understood as being part of a structureless
diagram or an expanded field that she proposed
might look like. This is pretty
impossible to parse, but that’s kind of what
she was getting at, working to complicate and break up
the firmly divided categories for art that had ruled
the day up until then. Art in a gallery was isolated
from the outside world, which in the 1960s and 70s
was rife with conflict. The Vietnam War, the Civil
Rights and Black Power movements and
Second Wave Feminism were easier to forget
within the white cube. As art critic Barbara
Rose wrote in 1969, “a dissatisfaction with the
current social and political system results in
an unwillingness to produce commodities
which gratify and perpetuate that system. Here the sphere of ethics
and aesthetics merge.” The 70s saw the birth of the
modern environmental movement, and land artworks also
addressed a number of ecological concerns,
not just out in the desert, but firmly in
civilization, as well. For his work Time
Landscape, Alan Sonfist replanted an abandoned rubble
strewn lot in Manhattan with plants indigenous
to the island, recreating what might
have existed there before it was settled. The work sought to
connect urbanites to their city’s natural
heritage and bring light to the seemingly runaway
train of development. It’s still there, by the way. Agnes Denes cleared the
rubble from a landfill further downtown, planted
a two acre wheat field, maintained it for four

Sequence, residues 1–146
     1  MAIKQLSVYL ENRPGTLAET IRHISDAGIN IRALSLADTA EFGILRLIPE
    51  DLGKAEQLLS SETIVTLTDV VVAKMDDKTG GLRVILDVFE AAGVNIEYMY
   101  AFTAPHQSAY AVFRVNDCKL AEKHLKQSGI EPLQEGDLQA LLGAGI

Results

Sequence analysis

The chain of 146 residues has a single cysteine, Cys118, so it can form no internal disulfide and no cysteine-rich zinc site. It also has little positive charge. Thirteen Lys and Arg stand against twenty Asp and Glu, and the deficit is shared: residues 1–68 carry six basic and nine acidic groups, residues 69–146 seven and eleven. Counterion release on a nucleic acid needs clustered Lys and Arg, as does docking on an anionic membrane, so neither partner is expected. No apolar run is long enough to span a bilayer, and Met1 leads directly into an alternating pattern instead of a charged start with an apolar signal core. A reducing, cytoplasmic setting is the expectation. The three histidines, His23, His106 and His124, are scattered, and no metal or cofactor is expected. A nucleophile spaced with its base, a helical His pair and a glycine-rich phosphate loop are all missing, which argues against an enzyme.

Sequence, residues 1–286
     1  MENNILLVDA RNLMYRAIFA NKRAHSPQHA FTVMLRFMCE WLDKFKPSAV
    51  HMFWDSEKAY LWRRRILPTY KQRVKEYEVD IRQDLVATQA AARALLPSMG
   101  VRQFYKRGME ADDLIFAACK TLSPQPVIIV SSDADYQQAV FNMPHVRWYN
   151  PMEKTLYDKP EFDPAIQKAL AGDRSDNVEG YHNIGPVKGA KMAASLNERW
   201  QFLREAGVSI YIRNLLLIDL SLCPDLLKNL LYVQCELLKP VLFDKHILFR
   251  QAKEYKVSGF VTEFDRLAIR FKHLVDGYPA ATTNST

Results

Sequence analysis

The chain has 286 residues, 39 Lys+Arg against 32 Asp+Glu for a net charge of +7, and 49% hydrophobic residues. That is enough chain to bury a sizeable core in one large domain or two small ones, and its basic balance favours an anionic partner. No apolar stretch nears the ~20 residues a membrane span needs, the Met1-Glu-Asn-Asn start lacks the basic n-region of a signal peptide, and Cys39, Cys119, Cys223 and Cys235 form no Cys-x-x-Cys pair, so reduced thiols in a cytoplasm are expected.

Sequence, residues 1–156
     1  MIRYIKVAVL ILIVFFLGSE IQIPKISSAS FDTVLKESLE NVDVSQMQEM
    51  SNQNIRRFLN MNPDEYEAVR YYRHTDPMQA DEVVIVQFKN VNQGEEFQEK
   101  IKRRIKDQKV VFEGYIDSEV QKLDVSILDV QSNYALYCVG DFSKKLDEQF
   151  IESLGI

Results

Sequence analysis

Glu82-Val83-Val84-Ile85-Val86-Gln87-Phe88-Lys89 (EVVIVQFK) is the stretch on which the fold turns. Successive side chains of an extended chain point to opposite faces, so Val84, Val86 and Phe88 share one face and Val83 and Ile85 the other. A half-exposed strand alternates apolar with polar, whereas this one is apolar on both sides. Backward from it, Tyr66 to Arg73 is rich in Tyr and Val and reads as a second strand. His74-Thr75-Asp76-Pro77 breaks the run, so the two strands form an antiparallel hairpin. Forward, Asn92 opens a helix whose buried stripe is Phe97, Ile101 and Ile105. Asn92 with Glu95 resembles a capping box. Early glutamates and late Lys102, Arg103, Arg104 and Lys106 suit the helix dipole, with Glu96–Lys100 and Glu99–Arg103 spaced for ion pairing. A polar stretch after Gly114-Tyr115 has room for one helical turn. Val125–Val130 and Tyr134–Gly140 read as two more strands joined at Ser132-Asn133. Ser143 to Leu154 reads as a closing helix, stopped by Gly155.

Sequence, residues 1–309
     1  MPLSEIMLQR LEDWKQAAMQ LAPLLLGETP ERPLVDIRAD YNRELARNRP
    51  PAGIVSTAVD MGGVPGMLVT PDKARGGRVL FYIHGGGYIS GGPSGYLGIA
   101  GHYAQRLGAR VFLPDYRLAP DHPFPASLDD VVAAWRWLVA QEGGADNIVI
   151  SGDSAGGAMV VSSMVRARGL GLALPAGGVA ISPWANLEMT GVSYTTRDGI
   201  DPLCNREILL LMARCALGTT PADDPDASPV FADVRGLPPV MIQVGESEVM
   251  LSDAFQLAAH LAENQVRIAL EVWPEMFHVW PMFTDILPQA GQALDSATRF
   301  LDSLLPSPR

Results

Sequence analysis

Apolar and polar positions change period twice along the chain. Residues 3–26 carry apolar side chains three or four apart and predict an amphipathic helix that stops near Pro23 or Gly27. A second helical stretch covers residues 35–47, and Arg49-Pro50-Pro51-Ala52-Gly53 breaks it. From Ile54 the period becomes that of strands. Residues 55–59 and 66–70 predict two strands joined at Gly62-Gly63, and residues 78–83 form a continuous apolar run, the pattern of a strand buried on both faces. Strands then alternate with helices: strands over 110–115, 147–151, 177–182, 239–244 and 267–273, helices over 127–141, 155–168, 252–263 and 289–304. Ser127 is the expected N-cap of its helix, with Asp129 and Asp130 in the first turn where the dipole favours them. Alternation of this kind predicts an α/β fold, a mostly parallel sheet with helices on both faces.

months, and harvested a yield of healthy
wheat just blocks from Wall Street and
the World Trade Center. The work took place on
hugely valuable land, and called attention
to the choices we make in managing and
mismanaging our resources. Land art opened up a whole
new way of working with place, kicking off a trend
in art that remains strong of paying attention
to the particularities of a site, its geology, its
ownership, its histories, its present. Whether in a dense city or
out in the middle of nowhere, everything everywhere
is site specific, and land art strips away
those framing mechanisms to help us realize that. The best of land art makes
it impossible to forget where you are and sets into
relief your surroundings with a clarity that jolts
you out of the one thing after anotherness
of everyday life. Land art at its best helps us
map our location in the world, and in time. It’s often inconvenient,
and it cannot be rushed. It must be walk
through and around, and revisited at different times
of day and in varying weather. But in this, the age
of the Anthropocene, in which we acknowledge
the extent to which humans are actors on the natural
systems of our planet, it’s land art that is
perhaps best suited to help us contemplate our
complicated relationship with nature. Are we part of nature
or separate from it? Do we make nature
or does it make us? What is the right way
to live here on Earth? What kinds of structures
and places and systems do we want to build? What is conquest and
what is cultivation? The Art Assignment is funded
in part by viewers like you through, a
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of a monthly donation. Special thanks to